By H. J. Bensted, W. Bulloch, L. Dudgeon, A. G. Gardner, E. D. W. Greig, D. Harvey, W. F. Harvey, T. J. Mackie, R. A. O'Brien, H. M. Perry, H. Scutze, P. Bruce White, W. J. Wilson. London, 1929. His Majesty's Stationery Office. Pp. 1–482
by A. Trevor Willis, M.D., B.S. (Melb.), Ph.D. (Leeds), M.C.Path., M.C.P.A., Reader in Microbiology, Monash University, formerly Lecturer in Bacteriology, University of Leeds. xiv + 234 pages, illustrated, second edition. Butterworth Inc., Washington. 1965. $8.50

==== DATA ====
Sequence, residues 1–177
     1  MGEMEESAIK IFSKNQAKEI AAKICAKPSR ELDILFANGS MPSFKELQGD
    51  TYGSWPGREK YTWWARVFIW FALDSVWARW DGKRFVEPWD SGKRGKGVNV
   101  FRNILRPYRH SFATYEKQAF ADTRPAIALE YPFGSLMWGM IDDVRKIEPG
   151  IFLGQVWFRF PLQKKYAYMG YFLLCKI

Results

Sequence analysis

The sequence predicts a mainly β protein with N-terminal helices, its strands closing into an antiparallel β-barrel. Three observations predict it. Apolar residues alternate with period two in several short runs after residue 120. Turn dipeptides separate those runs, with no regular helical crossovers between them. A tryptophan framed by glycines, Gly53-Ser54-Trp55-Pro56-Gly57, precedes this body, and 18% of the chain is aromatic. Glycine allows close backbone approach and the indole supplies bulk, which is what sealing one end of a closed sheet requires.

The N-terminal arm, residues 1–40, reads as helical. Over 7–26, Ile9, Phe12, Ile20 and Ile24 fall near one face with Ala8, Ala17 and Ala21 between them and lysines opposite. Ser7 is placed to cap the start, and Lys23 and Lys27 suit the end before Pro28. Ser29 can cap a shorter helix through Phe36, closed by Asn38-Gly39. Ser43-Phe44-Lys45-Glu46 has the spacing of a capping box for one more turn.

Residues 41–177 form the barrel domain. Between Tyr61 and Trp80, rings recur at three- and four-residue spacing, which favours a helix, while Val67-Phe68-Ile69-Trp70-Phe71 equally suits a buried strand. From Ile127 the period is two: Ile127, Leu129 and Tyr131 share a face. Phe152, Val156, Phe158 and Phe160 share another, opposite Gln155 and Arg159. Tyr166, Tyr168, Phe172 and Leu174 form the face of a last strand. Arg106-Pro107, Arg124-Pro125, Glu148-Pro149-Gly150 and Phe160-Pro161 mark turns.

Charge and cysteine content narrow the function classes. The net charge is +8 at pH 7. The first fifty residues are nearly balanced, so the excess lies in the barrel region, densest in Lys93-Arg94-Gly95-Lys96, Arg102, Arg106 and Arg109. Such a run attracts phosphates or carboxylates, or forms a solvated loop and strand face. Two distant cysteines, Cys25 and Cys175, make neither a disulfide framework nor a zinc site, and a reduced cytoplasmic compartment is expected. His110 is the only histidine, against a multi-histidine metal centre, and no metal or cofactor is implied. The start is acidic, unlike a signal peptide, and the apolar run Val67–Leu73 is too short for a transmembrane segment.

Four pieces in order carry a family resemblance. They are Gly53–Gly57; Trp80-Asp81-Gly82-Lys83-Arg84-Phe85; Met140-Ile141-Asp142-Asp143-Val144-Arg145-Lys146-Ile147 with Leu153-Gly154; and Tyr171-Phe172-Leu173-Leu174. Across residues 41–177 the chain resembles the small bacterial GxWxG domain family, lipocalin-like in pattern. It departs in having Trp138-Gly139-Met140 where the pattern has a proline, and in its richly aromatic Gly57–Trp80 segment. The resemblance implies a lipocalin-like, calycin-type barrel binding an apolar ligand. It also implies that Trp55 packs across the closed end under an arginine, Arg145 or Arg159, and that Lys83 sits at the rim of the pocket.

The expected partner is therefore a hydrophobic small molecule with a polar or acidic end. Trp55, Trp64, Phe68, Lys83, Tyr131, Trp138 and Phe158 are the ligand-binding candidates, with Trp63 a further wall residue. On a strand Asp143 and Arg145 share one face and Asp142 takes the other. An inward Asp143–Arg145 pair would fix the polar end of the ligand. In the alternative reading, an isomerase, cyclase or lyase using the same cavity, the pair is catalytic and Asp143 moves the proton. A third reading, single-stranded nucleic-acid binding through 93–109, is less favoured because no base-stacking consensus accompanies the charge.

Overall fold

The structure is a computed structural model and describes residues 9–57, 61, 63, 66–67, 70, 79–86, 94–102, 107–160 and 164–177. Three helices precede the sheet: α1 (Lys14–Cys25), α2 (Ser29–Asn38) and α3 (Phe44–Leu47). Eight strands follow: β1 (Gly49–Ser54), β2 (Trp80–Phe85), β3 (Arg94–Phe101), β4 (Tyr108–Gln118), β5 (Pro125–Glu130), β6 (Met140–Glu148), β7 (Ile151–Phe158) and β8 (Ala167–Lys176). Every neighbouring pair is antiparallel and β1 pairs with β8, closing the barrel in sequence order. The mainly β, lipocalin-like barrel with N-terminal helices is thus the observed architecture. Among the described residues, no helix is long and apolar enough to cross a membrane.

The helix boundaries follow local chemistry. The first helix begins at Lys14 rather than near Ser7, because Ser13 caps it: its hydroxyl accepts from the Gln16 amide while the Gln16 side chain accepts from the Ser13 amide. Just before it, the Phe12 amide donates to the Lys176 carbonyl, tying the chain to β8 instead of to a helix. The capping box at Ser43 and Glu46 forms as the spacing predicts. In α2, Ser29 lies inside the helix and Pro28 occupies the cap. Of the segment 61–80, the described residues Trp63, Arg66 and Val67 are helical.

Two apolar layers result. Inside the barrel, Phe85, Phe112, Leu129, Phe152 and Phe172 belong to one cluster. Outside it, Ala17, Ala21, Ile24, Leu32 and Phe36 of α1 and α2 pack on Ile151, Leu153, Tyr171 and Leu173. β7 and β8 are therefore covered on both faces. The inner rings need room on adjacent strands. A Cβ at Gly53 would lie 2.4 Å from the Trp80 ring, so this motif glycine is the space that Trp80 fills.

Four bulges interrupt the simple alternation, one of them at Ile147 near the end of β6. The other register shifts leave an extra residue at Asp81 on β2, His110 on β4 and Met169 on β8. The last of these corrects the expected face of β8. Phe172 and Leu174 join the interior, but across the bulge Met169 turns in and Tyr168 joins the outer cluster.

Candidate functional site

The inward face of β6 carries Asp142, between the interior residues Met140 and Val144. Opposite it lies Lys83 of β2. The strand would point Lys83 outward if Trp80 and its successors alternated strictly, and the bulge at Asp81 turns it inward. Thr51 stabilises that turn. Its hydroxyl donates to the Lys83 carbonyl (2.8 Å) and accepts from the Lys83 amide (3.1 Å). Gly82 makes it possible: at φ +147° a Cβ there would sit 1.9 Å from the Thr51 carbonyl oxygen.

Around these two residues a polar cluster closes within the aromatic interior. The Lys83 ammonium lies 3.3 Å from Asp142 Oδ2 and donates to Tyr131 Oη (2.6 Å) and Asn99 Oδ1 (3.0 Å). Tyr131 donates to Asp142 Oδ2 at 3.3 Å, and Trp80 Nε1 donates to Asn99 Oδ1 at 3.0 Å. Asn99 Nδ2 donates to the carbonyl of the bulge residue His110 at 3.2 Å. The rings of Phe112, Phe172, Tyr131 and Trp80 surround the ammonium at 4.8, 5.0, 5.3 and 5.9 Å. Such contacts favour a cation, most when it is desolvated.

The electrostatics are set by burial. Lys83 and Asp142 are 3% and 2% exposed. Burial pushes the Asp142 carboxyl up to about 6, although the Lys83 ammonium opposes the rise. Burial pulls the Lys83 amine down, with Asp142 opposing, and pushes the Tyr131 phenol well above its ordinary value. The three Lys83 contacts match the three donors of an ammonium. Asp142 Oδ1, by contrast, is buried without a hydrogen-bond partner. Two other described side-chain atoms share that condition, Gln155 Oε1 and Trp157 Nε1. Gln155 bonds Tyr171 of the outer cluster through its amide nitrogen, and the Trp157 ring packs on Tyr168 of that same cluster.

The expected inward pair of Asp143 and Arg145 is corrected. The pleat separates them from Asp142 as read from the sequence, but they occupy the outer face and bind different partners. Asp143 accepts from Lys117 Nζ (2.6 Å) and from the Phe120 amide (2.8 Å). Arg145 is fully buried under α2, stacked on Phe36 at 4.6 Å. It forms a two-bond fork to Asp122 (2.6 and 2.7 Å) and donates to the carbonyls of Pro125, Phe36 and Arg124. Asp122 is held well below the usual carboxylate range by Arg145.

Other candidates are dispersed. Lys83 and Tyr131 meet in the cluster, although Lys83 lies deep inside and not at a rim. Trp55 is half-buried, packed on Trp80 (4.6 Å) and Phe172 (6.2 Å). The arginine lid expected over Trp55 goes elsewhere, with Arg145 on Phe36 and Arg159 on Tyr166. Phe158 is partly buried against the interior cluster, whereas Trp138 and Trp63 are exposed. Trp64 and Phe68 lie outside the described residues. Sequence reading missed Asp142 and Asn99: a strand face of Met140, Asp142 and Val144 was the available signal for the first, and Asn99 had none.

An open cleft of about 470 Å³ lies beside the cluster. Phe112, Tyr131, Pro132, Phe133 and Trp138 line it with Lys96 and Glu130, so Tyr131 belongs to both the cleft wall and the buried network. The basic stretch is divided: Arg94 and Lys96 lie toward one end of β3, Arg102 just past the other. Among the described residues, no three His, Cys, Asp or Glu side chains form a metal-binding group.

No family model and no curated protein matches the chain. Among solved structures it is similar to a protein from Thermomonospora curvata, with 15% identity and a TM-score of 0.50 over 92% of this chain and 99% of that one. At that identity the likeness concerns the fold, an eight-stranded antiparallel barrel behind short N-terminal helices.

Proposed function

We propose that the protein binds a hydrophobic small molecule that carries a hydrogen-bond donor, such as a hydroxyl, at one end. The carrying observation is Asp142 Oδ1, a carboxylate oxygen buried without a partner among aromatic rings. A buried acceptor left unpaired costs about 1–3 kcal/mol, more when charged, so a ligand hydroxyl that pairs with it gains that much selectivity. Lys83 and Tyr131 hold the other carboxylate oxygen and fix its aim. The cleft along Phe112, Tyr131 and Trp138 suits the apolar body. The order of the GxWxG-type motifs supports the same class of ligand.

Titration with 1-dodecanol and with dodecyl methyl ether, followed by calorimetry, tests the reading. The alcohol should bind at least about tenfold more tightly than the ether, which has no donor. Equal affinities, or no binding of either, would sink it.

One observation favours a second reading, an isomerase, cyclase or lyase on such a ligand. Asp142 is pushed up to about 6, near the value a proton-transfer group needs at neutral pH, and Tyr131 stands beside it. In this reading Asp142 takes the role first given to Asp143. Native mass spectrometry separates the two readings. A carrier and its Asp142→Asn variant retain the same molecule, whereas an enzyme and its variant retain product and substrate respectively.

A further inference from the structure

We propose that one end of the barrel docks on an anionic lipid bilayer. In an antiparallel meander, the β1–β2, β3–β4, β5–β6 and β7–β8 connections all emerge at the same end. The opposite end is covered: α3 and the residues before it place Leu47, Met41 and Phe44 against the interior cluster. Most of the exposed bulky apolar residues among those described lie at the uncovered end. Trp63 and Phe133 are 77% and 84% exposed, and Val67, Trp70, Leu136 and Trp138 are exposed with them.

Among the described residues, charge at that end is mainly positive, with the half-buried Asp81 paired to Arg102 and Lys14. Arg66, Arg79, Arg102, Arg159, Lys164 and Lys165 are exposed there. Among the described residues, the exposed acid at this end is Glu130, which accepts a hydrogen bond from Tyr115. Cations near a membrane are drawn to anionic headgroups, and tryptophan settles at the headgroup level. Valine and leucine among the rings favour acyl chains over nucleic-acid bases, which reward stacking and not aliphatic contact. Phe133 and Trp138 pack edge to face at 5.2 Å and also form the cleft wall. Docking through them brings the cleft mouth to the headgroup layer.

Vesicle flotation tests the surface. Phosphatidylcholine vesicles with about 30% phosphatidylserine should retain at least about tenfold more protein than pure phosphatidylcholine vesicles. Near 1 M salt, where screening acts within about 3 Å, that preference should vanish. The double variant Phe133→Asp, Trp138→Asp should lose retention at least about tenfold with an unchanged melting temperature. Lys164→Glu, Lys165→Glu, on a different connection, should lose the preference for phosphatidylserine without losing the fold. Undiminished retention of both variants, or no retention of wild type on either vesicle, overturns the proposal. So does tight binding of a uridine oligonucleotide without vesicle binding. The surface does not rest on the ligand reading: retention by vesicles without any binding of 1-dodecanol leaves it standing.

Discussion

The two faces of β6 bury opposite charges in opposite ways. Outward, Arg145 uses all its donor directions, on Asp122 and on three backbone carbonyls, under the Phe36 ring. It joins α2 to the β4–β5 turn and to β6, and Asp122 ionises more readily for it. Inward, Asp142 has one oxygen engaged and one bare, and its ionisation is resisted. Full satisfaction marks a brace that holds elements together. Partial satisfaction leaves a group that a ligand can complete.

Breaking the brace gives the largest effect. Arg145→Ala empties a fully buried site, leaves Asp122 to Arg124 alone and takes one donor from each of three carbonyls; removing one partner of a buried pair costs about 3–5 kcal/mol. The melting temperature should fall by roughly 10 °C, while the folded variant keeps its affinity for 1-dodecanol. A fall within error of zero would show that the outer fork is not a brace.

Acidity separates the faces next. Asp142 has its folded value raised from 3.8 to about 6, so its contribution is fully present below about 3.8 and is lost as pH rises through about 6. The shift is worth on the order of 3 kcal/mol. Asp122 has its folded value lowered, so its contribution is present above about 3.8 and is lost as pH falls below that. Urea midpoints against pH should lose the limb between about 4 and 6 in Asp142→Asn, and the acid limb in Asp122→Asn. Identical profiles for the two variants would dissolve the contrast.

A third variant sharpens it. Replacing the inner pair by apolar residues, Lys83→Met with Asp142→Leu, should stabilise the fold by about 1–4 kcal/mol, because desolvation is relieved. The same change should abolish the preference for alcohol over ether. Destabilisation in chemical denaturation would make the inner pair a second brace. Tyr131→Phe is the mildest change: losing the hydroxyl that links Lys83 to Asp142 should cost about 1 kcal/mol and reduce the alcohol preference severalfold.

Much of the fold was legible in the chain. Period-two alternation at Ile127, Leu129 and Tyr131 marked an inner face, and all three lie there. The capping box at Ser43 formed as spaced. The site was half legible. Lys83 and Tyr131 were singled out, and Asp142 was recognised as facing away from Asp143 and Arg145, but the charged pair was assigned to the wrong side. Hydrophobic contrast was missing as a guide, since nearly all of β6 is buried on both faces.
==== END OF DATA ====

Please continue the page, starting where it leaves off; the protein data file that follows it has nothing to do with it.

We report a double-site enzyme-linked lactate dehydrogenase immunodetection assay (DELI), a highly sensitive antigen-capture enzyme-linked immunosorbent assay, which proved to be more sensitive for the detection of Plasmodium falciparum than thick blood smears, as sensitive as the polymerase chain reaction, and probably more reliable. This technique can help to detect infra-microscopic parasitemias (one parasite in 10(6)-10(8) red blood cells) from biological samples, and being quantitative, provide a fast substitute to thick smears for epidemiologic purposes. The technique can also be used to measure the in vitro drug sensitivity of P. falciparum with greater ease, much greater speed, and simpler equipment than that required for the isotopic microtest. Results obtained with four antimalarial drugs upon 16 strains closely paralleled those obtained by the isotopic assay (R = 0.95). In contrast with the latter, much lower parasite densities could be tested in the DELI assay (as low as 0.005%), thereby extending the number of isolates that can be investigated. The ease of implementation and low cost of the DELI-microtest may contribute to a revived interest in using in vitro methods to survey resistance to antimalarial drugs, so as to better predict future in vivo drug failures and provide public health recommendations.